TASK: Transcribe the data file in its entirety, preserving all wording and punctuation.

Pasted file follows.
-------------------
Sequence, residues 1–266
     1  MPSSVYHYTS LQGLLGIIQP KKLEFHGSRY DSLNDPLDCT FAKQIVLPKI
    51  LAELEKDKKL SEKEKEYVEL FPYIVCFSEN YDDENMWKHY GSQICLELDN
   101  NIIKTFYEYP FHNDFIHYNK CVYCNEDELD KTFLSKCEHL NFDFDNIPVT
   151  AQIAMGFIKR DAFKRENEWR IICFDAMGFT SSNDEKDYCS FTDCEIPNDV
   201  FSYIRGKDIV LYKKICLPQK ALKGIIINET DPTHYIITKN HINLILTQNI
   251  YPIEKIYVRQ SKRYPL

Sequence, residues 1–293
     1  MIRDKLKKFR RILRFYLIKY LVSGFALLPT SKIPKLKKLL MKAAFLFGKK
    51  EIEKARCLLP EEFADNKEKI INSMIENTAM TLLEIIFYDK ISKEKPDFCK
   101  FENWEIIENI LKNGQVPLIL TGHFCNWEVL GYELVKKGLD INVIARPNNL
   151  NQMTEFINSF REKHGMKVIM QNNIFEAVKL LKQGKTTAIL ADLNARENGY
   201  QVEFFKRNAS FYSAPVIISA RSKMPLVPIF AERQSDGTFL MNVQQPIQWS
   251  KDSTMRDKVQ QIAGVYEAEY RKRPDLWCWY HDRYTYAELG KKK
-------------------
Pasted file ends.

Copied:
Sequence, residues 1–266
     1  MPSSVYHYTS LQGLLGIIQP KKLEFHGSRY DSLNDPLDCT FAKQIVLPKI
    51  LAELEKDKKL SEKEKEYVEL FPYIVCFSEN YDDENMWKHY GSQICLELDN
   101  NIIKTFYEYP FHNDFIHYNK CVYCNEDELD KTFLSKCEHL NFDFDNIPVT
   151  AQIAMGFIKR DAFKRENEWR IICFDAMGFT SSNDEKDYCS FTDCEIPNDV
   201  FSYIRGKDIV LYKKICLPQK ALKGIIINET DPTHYIITKN HINLILTQNI
   251  YPIEKIYVRQ SKRYPL

Sequence, residues 1–293
     1  MIRDKLKKFR RILRFYLIKY LVSGFALLPT SKIPKLKKLL MKAAFLFGKK
    51  EIEKARCLLP EEFADNKEKI INSMIENTAM TLLEIIFYDK ISKEKPDFCK
   101  FENWEIIENI LKNGQVPLIL TGHFCNWEVL GYELVKKGLD INVIARPNNL
   151  NQMTEFINSF REKHGMKVIM QNNIFEAVKL LKQGKTTAIL ADLNARENGY
   201  QVEFFKRNAS FYSAPVIISA RSKMPLVPIF AERQSDGTFL MNVQQPIQWS
   251  KDSTMRDKVQ QIAGVYEAEY RKRPDLWCWY HDRYTYAELG KKK